By Alex Frandsen, editorial columnist

Just over a week ago, in a meeting with the New York Times, President-elect Donald Trump was asked about his affiliation with the “alt-right.” If, like the rest of us, you had to suffer through the election slog of 2016, the term is at least vaguely familiar. Used to label an extreme white nationalist wing of the conservative party, its rise has been inextricably linked to the ascendance of Trump.

The president-elect claims to want nothing to do with it. But no matter how much Trump wishes it, there is no separating his presidency and the alt-right. He made as much clear when he appointed Steve Bannon as a chief strategist and senior adviser. Bannon runs the Breitbart News media empire and has been very blunt about his outlet’s purpose. He declared it “the platform for the alt-right” just a few months ago.

The alt-right’s jump into the mainstream of politics has created a conundrum in the media world. Do publications use the term “alt-right” and risk obscuring the true characteristics of the group — misogyny, racism, xenophobia, to name a few? Or do they banish the word altogether?

Many Americans are ready to see the phrase go. After the Washington Post profiled a leader in the alt-right movement, hundreds of comments poured in from readers begging the Post to call it like is, and just say “racists” or “white nationalists” instead.

The sentiment is understandable — using the term alt-right could normalize a disturbing set of beliefs and allow racism a (thin) veil. But the appropriate course of action in dealing with the term shouldn’t be cutting it out of our lexicon altogether. Instead, we should continue using it, and make absolutely sure that with every usage, it is defined accurately. An example: “The alt-right, a misogynistic, white nationalist, xenophobic group of conservatives, is rising in prominence.”

This way, the word doesn’t obscure the group’s vile roots. Instead, it becomes synonymous with them. Just like “Nazi” has become a taboo word in politics, so should the term alt-right. If it is constantly tied to its defining characteristics, then people will forever link the two together mentally. To stop saying “alt-right” robs the phrase of its seriousness. The group is dangerous and demented and should be dealt with as such. We cannot sweep it under the rug. We must force it into the sunlight and watch it shrivel.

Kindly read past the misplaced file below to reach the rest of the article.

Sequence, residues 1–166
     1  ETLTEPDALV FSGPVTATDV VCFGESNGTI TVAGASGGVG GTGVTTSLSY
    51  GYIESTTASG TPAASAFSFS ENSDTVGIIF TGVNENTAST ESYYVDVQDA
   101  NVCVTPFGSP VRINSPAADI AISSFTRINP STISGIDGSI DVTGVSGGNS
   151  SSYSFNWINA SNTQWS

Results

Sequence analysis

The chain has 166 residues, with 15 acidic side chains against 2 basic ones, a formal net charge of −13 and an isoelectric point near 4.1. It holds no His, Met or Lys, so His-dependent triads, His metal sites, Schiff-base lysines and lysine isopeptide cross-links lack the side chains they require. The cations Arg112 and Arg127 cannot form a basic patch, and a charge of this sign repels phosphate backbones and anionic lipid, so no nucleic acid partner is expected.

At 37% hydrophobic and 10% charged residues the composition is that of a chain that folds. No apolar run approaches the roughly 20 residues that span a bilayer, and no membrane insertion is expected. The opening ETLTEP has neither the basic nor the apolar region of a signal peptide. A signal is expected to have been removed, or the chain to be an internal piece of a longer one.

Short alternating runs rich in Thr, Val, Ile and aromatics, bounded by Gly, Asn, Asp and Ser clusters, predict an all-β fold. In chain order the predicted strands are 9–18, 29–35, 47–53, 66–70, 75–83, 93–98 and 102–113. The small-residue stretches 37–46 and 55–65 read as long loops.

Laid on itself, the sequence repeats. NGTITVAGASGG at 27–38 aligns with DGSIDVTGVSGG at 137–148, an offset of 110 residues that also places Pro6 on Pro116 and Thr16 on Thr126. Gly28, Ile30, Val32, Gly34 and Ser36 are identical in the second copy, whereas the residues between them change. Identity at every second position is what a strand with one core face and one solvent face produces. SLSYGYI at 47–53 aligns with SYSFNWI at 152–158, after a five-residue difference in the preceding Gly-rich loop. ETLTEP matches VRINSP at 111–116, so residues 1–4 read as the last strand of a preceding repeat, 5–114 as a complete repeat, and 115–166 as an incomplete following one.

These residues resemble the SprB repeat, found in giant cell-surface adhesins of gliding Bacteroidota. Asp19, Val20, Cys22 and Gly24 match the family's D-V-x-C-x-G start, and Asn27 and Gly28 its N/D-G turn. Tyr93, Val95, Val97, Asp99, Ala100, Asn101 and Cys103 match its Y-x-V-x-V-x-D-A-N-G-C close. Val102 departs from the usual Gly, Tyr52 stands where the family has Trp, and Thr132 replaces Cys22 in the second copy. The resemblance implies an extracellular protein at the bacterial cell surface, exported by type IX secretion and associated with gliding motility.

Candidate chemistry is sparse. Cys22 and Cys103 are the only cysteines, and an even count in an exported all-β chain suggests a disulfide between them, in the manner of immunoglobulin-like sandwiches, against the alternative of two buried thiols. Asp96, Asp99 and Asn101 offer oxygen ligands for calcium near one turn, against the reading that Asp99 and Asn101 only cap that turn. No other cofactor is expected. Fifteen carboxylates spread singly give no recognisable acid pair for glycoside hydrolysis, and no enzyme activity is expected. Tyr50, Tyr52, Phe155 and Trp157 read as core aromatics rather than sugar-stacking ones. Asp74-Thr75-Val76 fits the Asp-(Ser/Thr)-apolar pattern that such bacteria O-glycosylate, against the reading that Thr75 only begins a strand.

Figuring out how to deal with the label is the easy part. The more complicated matter is figuring out how the media should cover the movement as a whole. Here, the coverage needs to hit a tricky balance: The alt-right should be covered when warranted, as it is a real force that helped propel our next president to the White House, but it cannot be discussed in excess. The temptation to do the latter is very real. The group’s extreme views make it grotesquely fascinating to the general public, and there’s a certain undeniable shock appeal. But if the coverage of the alt-right outweighs its real influence, then media outlets are doing nothing more than giving the racists and misogynists a bullhorn to disseminate their views.

Reporters are often driven by a desire to be objective and fair. We’re all taught that in our very first class at journalism school, and it permeates through the rest of our careers. Being fair does not mean covering all sides equally all the time, though. It means keeping a perspective and distributing coverage in proportion. So sure, publications can use the term “alt-right” and write stories about alt-right events. They simply must also remember what the movement is: A bunch of bigoted people hungering for their own pale nation. They can’t ever forget that, and they have to make sure their readers don’t, either.